Monday, July 20, 2009

'Birth certificate' seller vanishes into thin air

Dubious eBay character dodges agent, lawyer, verification team By Drew Zahn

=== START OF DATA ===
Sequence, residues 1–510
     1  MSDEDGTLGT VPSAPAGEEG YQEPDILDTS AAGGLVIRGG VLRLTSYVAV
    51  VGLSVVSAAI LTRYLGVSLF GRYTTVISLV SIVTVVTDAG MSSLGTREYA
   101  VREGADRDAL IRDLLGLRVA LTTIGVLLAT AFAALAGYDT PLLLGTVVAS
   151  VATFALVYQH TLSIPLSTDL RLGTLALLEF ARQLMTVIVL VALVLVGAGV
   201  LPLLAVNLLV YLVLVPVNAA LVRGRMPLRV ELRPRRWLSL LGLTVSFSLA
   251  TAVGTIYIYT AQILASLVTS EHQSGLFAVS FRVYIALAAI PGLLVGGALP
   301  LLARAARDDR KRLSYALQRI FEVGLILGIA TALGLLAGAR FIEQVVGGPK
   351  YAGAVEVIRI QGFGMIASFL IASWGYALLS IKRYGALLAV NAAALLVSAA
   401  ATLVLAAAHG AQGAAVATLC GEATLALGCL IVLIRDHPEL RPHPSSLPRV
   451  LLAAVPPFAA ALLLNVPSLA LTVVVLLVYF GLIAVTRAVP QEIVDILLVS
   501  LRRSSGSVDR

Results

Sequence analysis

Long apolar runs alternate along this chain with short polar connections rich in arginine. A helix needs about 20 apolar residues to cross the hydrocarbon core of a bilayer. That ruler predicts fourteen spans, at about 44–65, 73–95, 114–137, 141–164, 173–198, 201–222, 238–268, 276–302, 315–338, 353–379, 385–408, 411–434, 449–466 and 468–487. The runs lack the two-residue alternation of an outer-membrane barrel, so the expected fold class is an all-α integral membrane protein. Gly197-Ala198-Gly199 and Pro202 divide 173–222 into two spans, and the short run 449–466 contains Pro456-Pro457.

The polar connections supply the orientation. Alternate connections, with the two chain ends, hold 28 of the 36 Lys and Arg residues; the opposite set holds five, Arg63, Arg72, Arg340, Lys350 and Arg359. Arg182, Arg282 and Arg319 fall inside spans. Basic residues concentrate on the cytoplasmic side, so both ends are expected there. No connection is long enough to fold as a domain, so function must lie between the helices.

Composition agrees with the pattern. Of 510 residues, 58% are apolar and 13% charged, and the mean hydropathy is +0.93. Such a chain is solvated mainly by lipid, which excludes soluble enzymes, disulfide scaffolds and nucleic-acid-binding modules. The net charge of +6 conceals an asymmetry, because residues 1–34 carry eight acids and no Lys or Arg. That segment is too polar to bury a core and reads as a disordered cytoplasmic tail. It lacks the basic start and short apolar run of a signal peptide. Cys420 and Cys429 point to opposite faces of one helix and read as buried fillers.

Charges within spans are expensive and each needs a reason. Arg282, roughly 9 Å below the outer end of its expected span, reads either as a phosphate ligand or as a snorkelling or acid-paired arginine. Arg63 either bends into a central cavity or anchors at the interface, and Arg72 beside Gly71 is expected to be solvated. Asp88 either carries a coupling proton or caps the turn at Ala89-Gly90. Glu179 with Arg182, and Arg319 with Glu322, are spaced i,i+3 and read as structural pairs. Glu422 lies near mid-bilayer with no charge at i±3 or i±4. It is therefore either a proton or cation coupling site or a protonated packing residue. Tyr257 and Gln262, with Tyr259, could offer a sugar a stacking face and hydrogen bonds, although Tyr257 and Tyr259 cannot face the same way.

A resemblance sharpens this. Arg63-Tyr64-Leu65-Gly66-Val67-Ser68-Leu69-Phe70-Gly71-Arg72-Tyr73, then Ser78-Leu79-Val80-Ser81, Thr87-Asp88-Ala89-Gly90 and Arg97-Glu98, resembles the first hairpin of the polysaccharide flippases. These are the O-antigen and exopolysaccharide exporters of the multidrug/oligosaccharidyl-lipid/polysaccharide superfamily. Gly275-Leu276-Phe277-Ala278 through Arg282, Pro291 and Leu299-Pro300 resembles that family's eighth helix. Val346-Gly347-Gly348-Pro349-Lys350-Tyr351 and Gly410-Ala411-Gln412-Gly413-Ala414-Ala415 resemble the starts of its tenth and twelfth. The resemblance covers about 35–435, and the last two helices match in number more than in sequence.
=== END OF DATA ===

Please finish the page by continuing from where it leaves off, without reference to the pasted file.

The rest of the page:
© 2009 WorldNetDaily Posted: July 19, 2009 11:23 pm Eastern eBay seller Lucas Smith (left), from online auction pageCEDAR RAPIDS, Iowa – The eBay seller who first offered – and then promised to reveal to WND – an alleged Barack Obama birth certificate from Mombasa, Kenya, has dropped communications with a team of people offering to help him verify the document, only fueling belief that the sale was a scam. As WND reported, an eBay seller known originally as "colmado_naranja" claimed to have an authentic document from Coast Provincial Hospital in Mombasa proving Obama's birth there at 7:24 p.m. on Aug. 4, 1961. WND followed the ongoing saga, as "colmado_naranja" attempted several times to sell the document, or photos and stories surrounding it, on eBay, only to have the auctions repeatedly removed by site administrators. Eventually, the seller promised to make a YouTube video of his story and reveal the "birth certificate" to WND. Neither promise was fulfilled. WND also launched an investigation into "colmado_naranja," which led through several online aliases and reported collaborators, including Dawnella Wilson, "InspectorSmith" and, eventually, Lucas Smith, a former resident of Cedar Rapids, Iowa, who still claims to have possession of the document. Smith, whose background includes a lengthy criminal record and a reported attempt to sell his kidney to a man in need of organ transplant, nonetheless insists that his motives are above board, even if his past looks dubious. "I do have a background. I've made mistakes in my life," Smith told WND in an email. "It took a guy like me to go and get tangible proof about Obama. I don't mind breaking a few laws or policies here and there. I don't mind paying the military in foreign countries to look the other way ... The military [in Africa] will grant you access to anything for just a few dollars. People are starving. So yes, it takes a guy like me to get things done once in a while." When WND, however, pressed Smith to offer any evidence of the document's validity – a birth certificate number, a photo of the embossed seal on the alleged document, anything – Smith balked. "I'm going to have to meet with my attorney before we can go any further," Smith told WND in a phone interview. "I'd rather have a middle man go between WorldNetDaily and myself." Smith did then authorize a public relations agent to speak on his behalf and hire an attorney, but after several unsuccessful attempts to get Smith to offer any proof of the document's authenticity, the agent has since withdrawn his representation, now convinced the alleged birth certificate sale was nothing but "a money-grabbing fraud." [CONTINUE READING]
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